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How To Drain A Waterlogged Lawn
Having a waterlogged lawn can be such a frustrating experience. I have had such a situation on my lawn and I know how bad it can be for your garden. The good news is that this does not spell doom at all, there is a way out.
This is how you can drain a waterlogged lawn:
- The first step is to ensure that people dont walk over it. If someone walks over it, there is a possibility of stirring the grass up and, thus, complicating the issue.
- Secondly, allow most of the water to evaporate. For the water that wont go through this method, you can push it in the direction of your lawns borders.
- The next thing is to pierce the lawn with a garden fork to create holes. After the first spiking and draining of the water, use a core aerator to help you take out tiny little cores of soil. Most of the remaining water will flow during this step.
- After this, add a top dressing of sand to help in the absorption of extra moisture. This will help you to create a way for the development of a healthy lawn with good drainage.
Recommended Lawn Care Service
If you are interested in receiving professional lawn aeration treatment, we suggest looking into TruGreen. Not only can this company provide lawn aeration services, but it offers comprehensive lawn care plans. TruGreen is one of the most popular lawn care services in the United States, servicing every state except for Alaska and Hawaii.
The provider offers five annual plans with different levels of lawn care. In addition, the company allows you to customize your lawn care with everything from fertilization to overseeding to pest control and more. In addition to a plan, TruGreens aeration service costs around $259 for a 5,000 square-foot lawn, according to quotes we received while secret- shopping.
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How Do I Fix Soggy Spots In My Lawn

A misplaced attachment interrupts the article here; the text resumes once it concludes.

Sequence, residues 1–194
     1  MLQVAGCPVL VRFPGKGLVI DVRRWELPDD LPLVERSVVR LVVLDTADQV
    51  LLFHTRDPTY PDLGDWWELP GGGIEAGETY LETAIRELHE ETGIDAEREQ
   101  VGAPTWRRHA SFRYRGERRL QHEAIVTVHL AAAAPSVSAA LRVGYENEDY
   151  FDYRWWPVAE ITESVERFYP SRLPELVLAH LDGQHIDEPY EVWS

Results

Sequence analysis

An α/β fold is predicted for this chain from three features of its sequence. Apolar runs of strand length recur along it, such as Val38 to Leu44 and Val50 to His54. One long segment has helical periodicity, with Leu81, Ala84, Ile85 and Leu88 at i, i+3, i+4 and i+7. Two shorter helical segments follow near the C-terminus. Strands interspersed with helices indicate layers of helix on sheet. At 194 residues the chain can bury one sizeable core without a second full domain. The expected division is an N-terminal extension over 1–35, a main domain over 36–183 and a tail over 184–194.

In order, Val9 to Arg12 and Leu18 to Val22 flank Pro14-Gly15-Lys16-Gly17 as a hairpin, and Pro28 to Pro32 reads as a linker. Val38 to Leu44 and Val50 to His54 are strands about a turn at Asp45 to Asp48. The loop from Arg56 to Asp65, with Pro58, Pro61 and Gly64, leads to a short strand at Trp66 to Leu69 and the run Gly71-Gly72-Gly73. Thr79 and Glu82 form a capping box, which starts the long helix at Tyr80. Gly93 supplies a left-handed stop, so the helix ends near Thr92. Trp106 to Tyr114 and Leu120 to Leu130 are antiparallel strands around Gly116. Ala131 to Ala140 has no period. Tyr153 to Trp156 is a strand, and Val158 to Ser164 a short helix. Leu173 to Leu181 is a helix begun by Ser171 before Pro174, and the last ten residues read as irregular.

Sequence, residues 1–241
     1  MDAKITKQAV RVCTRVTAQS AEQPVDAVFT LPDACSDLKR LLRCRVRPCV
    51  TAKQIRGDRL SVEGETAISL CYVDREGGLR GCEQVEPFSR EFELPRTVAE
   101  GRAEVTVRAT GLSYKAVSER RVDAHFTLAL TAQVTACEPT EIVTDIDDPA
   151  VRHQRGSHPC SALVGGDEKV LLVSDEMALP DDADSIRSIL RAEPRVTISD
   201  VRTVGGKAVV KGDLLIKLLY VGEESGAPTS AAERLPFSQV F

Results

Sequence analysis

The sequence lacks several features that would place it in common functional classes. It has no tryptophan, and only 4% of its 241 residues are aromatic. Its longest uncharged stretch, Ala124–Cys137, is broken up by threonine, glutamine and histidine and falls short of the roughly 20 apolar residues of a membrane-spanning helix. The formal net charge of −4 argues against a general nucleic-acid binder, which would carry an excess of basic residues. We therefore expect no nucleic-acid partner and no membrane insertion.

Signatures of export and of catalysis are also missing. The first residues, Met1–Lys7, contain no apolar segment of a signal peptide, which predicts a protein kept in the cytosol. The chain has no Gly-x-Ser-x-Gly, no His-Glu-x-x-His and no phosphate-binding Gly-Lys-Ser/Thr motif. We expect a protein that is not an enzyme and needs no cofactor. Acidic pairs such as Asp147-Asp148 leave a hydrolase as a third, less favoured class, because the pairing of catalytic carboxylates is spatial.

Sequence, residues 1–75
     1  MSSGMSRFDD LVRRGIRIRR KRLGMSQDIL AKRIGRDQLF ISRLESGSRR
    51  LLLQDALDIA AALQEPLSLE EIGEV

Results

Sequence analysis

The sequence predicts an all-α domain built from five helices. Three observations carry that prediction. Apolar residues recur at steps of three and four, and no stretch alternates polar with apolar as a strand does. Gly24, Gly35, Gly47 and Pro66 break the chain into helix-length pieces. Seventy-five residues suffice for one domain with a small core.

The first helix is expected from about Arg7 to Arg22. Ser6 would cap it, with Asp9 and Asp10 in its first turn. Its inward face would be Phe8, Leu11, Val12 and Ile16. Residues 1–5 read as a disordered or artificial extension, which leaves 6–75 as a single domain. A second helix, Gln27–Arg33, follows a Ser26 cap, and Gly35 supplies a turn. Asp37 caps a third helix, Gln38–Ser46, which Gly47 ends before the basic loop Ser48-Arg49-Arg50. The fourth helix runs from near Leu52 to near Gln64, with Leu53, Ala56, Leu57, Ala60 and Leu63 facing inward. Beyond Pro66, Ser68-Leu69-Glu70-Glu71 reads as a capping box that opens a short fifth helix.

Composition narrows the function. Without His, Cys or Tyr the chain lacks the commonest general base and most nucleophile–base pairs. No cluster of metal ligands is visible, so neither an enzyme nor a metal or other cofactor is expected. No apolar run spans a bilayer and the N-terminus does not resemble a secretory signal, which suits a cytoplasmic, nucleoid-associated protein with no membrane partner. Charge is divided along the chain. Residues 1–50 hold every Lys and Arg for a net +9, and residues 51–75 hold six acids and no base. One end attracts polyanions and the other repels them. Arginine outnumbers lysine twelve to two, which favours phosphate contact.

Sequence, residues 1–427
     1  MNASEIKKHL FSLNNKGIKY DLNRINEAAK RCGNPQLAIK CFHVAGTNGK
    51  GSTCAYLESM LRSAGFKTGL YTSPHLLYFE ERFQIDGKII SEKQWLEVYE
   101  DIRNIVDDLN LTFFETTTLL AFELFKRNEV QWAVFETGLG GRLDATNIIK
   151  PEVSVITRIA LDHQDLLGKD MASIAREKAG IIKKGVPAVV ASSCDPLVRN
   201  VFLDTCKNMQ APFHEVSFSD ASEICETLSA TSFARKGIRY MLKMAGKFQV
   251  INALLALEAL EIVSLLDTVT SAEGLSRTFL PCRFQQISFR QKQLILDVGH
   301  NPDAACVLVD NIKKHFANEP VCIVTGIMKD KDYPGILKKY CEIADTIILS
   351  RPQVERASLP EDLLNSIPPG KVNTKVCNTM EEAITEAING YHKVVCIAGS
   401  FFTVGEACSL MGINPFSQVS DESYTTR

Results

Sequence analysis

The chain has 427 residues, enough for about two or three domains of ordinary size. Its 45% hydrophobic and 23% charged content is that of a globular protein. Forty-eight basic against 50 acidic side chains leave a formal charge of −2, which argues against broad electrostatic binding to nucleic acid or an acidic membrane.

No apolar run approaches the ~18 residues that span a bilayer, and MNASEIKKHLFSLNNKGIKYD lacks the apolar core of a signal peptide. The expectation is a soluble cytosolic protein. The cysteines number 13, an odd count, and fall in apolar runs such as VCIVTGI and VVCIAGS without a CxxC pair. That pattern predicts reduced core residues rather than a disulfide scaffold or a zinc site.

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People Also Asked, How do you fix a soggy lawn?
Herein, how do you fix a soggy lawn? The following are 5 solutions for soggy lawns:
Also know, how do you dry up a soggy ground? To dry out wet dirt, start by clearing out any debris, like soggy leaves and old mulch, since they store a lot of moisture. Next, spread 2-3 inches of gravel on top of the soil, then use a rake, hoe, or shovel to mix the gravel into the top 6 inches.
Cultivate A Healthy Root System With Lawn Aeration
Hard, dry, compacted soil is not conducive to root growth. Lawns can become compacted through foot traffic, drought, or many other reasons. Even without external contributing factors, a lawn can settle so as to become detrimental to root health. Aeration creates spaces in your lawn that allow for the deep penetration of air, water, and nutrients. The holes also leave a space for roots to grow into, and when the plug matter disintegrates and runs back into the vacated spaces, you will have a stronger, healthier root system.
Your lawn will only be as beautiful as its root system allows it to be. A healthy root system allows your lawn to absorb more water and nutrients and ensures it will return from dormancy or drought more quickly than a lawn with an inferior root system. A hearty root system also helps to fend off weed and insect problems. If youd like to learn more about lawn aeration, or to schedule a professional aeration appointment, contact the customer service representatives at Weed-A-Way.
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When Lawns Need Aeration
It may not seem your lawn could get compacted, but it happens easier than you may think. Vehicles or small equipment driven on lawns are more obvious offenders, but even outdoor entertaining or yard play by kids and pets can leave all or part of your lawn compacted. If you live where heavy clay soil is the norm, annual aeration is probably needed to keep your lawn from becoming thin and weak.
Dethatching and aerating are two different tasks, but they often go hand in hand. Thatch is the layer of decomposing organic matter that forms right at the lawn surface, between soil and grass. When thatch gets more than 1/2 inch thick, it works like compaction to prevent the flow of air, water and nutrients grasses need. Aggressive spreading grasses, such as Kentucky bluegrassin northern lawns and Bermudagrass down south, form more thatch than many other grass types. Aeration helps penetrate and reduce thatch buildup or prep it for removal through dethatching.